So to all you tired women out there, take a break. Take a moment. Take a day. Take a weekend. Take time for you, just you, to sit back and relax. Take time to say "no" even if you feel like you should say yes. Take time to skip a practice, a meeting, or an event. Take time to rejuvenate and to relax.
Take time to realize it's okay to be tired...but it's not okay to ignore it.
In my fuzzy gray sweatpants and a sloppy sweatshirt, I snuggle into my spot on the sectional, remote in hand and a coffee on the end table. A few cats curl up in my lap and our mastiff Henry finds his spot among his favorite collection of toys as I make the big decision—will it be Jane the Virgin, Reign, or Nashville tonight?
Meanwhile, my husband plops himself onto his computer chair in front of his beloved computer games, waiting for the oven timer to beckon him forth for his chicken patty or frozen pizza. It’s a Saturday night and we’re under 30, but you wouldn’t know it by our schedule. The wild life of the 20-something isn’t quite our scene—we’re content tucked in at home with our favorite things.
Although lazy days at home are essential and envy-worthy, strings of them have led us to somewhat humdrum, introverted lives. Other than some trips to the beach and a few local events, our scrapbook of memories mostly sits empty.
This is a far-cry from our dating years, when we went countless unique places. Our scrapbook is filled with memories from museums, art installations, plays, concerts, zoos, and aquariums. We can flip through the pages and say, “remember when” with smiles and laughs about the experiences. Most of these trips were school sponsored or college sponsored, but the point is the memories we have from those trips are memories we used as a foundation for our connection.
They are the moments we look back on with a smile. They weave our connected history.
Achieving our Bucket List
At 29, we’ve come to realize that it isn’t really the traveling part or where you go—it’s the fact you’re doing something new together. Looking back over the years, the times we got out of our comfy clothes and pushed ourselves out of our comfort zone to try something new are the times we remember with a smile.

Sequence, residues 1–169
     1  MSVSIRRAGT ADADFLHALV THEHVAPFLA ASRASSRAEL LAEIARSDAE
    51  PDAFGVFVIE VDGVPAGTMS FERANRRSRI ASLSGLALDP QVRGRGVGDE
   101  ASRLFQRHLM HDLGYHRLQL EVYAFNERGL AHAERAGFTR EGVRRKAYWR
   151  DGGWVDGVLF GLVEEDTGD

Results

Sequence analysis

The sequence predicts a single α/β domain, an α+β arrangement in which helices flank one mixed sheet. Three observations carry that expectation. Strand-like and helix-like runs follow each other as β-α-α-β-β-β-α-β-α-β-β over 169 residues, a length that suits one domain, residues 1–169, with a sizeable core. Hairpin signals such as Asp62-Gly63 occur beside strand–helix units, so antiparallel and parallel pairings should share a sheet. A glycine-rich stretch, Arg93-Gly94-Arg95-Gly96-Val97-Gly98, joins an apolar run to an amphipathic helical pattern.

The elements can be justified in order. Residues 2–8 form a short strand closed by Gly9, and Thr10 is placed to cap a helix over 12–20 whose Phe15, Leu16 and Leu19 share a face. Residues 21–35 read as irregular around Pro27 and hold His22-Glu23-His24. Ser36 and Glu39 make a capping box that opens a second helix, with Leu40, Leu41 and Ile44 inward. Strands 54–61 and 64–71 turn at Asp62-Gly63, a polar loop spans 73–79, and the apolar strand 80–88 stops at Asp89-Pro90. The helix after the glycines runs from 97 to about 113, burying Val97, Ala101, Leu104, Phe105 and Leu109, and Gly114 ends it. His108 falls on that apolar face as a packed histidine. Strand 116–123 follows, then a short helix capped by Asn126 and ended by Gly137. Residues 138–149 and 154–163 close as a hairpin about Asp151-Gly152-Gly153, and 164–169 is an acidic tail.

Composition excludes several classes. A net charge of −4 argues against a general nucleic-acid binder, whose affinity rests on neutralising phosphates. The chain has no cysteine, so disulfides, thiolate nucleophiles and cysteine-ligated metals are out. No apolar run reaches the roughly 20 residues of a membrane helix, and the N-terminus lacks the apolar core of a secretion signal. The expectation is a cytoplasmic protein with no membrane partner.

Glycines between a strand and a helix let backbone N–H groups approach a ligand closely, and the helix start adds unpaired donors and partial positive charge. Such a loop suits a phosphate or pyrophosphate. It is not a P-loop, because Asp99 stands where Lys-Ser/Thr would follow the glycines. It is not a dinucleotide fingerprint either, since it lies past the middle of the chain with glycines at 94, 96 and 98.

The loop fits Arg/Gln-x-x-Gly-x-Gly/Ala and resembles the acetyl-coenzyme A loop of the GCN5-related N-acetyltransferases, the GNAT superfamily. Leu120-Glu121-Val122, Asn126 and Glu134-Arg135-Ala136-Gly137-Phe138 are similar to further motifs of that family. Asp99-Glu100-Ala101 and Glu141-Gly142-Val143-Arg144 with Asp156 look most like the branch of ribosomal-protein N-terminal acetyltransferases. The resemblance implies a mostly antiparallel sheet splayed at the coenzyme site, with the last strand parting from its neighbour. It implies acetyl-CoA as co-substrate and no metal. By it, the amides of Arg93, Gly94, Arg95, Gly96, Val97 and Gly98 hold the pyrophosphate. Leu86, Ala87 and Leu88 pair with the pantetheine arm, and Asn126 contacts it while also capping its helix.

Thus, with 30 looming over us, we felt a need to change it up this year. I know age is just a number, but there is something symbolic about the shift from the 20s to the 30s. I want the shift to be memorable. I want this to be a year we can fill our scrapbook. I want it to be a year we talk about for the next decade.
So this year, we’ve vowed to try new things. We’ve made an achievement list inspired by my husband’s love for gaming. We’ve included big goals and trips that probably won’t happen, but we’ve also set small realistic goals.
We’ve picked local places we’ve never been. We agreed to do some sort of volunteer work together this year. We’ve vowed to go inner tubing and horseback riding. I agreed to finally get my tattoo this year. We’ve talked about memories that will fill our scrapbook and give us a sense of adventure.
Adventure on a Budget
Because, like so many, we’re on a budget, our list isn’t extravagant. We don’t own a yacht, and an impromptu trip to Tahiti, although adventurous, isn’t in the cards for us right now. We are small town, simple people who have never been out of the country together and probably never will be. I’ve come to learn, though, that adventure doesn’t have to equate to an expensive, budget-blowing venture.
Some of our favorite adventures were super cheap and super close by. I don’t think you have to be a world traveler to find adventure. Adventure takes on its own form for everyone. We’re challenging ourselves this year to find our own.
In short, we want to fill our year with new memories because at the end of it, isn’t that what life is all about? At 29, I think we’ve finally realized that the amount of shoes in your closet, the amount of video games on your shelf, and the amount of hours you’ve logged watching Netflix don’t create a life. It’s the true connection of exploring this huge world together that will be something we can look back on.